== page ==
Returning to Return to the 36 Chambers: The Dirty Version

By Collin Murray

March 28 marked the 27th anniversary of Ol’ Dirty Bastard (ODB)’s release of his debut solo album: Return to the 36 Chambers: The Dirty Version. This was the second solo album released by a member of the Wu-Tang Clan, following Method Man’s Tical, and easily became the most popular solo album that emerged from the Wu-Tang camp, let alone one of the most revolutionary hip hop albums of its time. 

A large portion of the album’s success is attributed not to ODB’s lyricism or flow, but to the Brooklyn native’s unique and outward character, hence one of his former pseudonyms: Ason Unique. Along with rapping, ODB was a great showman in every sense of the word. Method Man put it best in the interlude of Wu-Tang Clan’s “Can It Be All So Simple” when he explained, “There ain’t no father to his style, that’s why [he’s] the Ol’ Dirty Bastard”. With his chaotic energy and larger-than-life personality, ODB was sure to dominate every track he graced and every stage he entered.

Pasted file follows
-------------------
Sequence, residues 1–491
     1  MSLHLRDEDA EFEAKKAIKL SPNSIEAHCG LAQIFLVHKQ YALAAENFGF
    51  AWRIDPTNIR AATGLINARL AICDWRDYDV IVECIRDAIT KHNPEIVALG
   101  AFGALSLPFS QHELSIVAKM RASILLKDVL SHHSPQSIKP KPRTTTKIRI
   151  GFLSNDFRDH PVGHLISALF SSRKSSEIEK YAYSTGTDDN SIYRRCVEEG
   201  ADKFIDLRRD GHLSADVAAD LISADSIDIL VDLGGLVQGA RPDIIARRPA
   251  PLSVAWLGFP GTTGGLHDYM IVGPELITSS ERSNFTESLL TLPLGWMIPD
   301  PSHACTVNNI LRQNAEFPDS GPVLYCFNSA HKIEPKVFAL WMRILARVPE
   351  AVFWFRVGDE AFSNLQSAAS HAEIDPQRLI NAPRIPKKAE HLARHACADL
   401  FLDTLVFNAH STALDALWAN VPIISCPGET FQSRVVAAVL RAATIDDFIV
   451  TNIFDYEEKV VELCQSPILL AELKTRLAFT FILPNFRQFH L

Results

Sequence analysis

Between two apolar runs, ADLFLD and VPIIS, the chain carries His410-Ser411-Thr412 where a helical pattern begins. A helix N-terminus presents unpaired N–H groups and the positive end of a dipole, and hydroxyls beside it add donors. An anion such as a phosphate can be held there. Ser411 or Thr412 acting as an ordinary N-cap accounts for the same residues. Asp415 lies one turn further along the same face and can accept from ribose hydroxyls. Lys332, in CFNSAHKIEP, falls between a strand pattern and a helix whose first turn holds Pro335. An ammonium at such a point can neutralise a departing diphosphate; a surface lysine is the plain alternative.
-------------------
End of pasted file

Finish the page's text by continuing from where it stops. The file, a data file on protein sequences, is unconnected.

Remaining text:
From tracks like “Brooklyn Zoo”, where he relinquishes a structure altogether, rather opting to simply let fly bar after bar, to his most commercially successful hit “Shimmy Shimmy Ya”, to “Goin’ Down”, which opens with the rapper making weird throat sounds for nearly a minute, and later employing his own rendition of “Somewhere Over the Rainbow” while his wife audibly berates him in the background—ODB was truly all over the board with this project. With virtually every other track on the album remaining just as bizarre and wacky as the aforementioned three, it’s no wonder the album was so revolutionary for its time.